In an interview with CNN, Graham said he was intrigued by former Director of National Intelligence James Clapper's testimony
Monday when he declined to comment over whether he had any concerns with Trump business ties and Russia, saying it could influence an ongoing investigation.
"I want to know more about Trump's business dealings," Graham told CNN Tuesday. "I asked Clapper. 'I said, 'Is there any business dealings with the Trump organization that gave you concern?' And he said, 'No,' with a caveat, 'I don't know what the FBI is looking at so I don't want to run afoul with them.'"
Graham cautioned that his judiciary subcommittee might have to "steer clear" of the matter if it conflicts with the FBI probe into Russia and the Trump campaign, and he said he also wants to learn about whether the identities of Americans were unmasked and unlawfully leaked to the press for political purposes. But he also signaled he was interested in learning more about the business ties.
Asked if Trump's tax returns could be helpful to such an investigation, Graham said: "It could be, down the road."
Graham later clarified that his subcomittee was not actively looking into Trump's businesses, in response to a question from CNN on Senate Intelligence Chairman Richard Burr raising concerns about another panel looking into Trump's businesses.
"There's no effort by the judiciary committee to go after business interests because I don't know of any that are illegal or irresponsible, but if you can show me there is some evidence of that I'd be interested in it," Graham said.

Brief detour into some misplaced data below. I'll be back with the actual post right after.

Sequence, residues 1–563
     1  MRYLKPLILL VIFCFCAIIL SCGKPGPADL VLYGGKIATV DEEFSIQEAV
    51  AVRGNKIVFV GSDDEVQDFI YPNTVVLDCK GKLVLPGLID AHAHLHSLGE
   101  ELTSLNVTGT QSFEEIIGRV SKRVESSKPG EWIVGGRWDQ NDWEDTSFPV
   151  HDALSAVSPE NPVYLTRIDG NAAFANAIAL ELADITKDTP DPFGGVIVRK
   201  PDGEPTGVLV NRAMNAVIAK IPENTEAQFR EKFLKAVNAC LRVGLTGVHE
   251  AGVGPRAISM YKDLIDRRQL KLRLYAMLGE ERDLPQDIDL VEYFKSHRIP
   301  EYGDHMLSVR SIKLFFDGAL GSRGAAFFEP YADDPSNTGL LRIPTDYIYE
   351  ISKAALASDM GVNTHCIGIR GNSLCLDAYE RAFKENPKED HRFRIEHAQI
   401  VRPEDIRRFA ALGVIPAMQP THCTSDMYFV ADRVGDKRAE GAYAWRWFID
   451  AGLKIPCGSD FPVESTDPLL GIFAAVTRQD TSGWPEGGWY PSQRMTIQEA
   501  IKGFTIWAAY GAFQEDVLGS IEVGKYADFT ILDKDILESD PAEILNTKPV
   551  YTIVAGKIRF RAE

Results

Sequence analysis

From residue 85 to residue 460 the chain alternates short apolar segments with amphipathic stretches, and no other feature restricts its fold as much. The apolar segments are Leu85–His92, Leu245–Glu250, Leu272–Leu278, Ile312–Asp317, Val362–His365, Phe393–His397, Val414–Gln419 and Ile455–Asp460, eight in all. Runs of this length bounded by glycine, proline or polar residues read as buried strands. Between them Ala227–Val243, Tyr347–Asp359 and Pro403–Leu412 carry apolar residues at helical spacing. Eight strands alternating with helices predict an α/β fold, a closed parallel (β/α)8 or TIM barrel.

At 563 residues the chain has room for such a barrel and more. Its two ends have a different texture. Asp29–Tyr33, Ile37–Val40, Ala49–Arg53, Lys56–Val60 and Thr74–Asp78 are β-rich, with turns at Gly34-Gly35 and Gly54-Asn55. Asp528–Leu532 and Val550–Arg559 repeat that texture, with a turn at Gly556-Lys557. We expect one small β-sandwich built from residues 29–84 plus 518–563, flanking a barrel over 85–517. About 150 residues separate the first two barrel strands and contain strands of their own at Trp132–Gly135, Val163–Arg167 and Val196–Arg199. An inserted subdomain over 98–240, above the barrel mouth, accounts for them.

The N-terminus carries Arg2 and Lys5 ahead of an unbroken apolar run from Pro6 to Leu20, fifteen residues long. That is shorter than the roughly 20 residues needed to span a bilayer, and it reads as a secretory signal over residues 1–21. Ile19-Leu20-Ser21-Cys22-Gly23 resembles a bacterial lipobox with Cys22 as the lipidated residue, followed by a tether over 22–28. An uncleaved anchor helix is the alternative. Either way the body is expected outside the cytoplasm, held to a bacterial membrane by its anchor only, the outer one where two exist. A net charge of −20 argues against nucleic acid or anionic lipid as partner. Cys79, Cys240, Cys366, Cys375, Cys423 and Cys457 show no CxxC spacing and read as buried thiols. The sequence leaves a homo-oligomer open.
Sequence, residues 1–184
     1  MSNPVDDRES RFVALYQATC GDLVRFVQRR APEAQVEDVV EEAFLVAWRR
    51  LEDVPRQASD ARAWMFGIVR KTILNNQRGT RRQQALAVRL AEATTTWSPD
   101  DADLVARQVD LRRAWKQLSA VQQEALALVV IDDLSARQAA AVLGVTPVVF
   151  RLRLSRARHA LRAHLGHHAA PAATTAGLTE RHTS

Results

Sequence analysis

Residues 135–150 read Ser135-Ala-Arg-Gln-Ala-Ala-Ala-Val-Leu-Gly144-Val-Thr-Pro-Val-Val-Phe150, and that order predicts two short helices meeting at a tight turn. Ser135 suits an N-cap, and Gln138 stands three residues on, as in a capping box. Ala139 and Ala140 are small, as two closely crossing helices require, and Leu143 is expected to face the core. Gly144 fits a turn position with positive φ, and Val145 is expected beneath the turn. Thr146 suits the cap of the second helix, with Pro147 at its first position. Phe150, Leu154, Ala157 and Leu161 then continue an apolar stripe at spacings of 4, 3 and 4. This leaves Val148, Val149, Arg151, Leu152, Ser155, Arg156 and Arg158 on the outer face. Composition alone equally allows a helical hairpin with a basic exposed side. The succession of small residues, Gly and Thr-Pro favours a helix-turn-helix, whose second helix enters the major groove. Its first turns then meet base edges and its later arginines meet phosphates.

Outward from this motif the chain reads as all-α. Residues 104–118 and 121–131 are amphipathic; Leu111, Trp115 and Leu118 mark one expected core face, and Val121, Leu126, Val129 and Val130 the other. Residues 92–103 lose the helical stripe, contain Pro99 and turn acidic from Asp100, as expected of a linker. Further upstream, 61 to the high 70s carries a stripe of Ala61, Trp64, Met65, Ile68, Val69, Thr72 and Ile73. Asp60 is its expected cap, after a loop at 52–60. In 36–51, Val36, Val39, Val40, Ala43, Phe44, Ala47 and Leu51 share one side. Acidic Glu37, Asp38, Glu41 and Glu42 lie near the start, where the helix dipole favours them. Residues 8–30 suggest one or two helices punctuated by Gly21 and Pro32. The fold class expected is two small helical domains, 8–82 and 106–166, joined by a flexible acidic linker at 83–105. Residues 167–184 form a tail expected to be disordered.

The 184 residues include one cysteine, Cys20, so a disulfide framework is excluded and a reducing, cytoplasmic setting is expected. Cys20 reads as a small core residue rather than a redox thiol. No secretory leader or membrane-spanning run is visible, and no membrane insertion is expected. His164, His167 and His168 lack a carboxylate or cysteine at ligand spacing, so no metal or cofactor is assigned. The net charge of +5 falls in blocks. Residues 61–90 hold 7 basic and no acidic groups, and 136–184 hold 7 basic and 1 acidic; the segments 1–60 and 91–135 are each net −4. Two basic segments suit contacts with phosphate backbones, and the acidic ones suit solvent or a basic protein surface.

Graham's comments come one day after his panel heard testimony from former acting Attorney General Sally Yates
, who detailed the steps she took to warn the White House that former national security adviser Michael Flynn was vulnerable to blackmail by the Russian government. The White House kept Flynn on staff for 18 days before he was ultimately dismissed by Trump, raising questions about why the then-national security adviser continued to hold such a high-profile position despite the concerns from Yates.
In the interview Tuesday, Graham said Trump was "very loyal" to Flynn and that the White House staff may have had to convince the President to dump him.
"Trump was very loyal to Flynn and (it) took a while for everyone to convince the President that Flynn had been compromised," Graham said. "I think the vice president was probably the strongest advocate to get rid of Flynn and the President eventually made the right decision."
Graham said earlier he wants to hear from former Obama national security adviser Susan Rice, who declined to appear at Monday's hearing
, to determine whether she was involved in the unmasking of any Americans.
"I don't know if we need to subpoena her," Graham said of Rice. "Here's what I want to know: Did any of this information about Michael Flynn cross her desk? Because somebody leaked it. I want to find out who that somebody was. One way you can do this is find out who had the information. How did Sally Yates become aware of the conversation between the Russian ambassador and Flynn? And who did she share that with. Did it go across the Susan Rice desk? I don't know."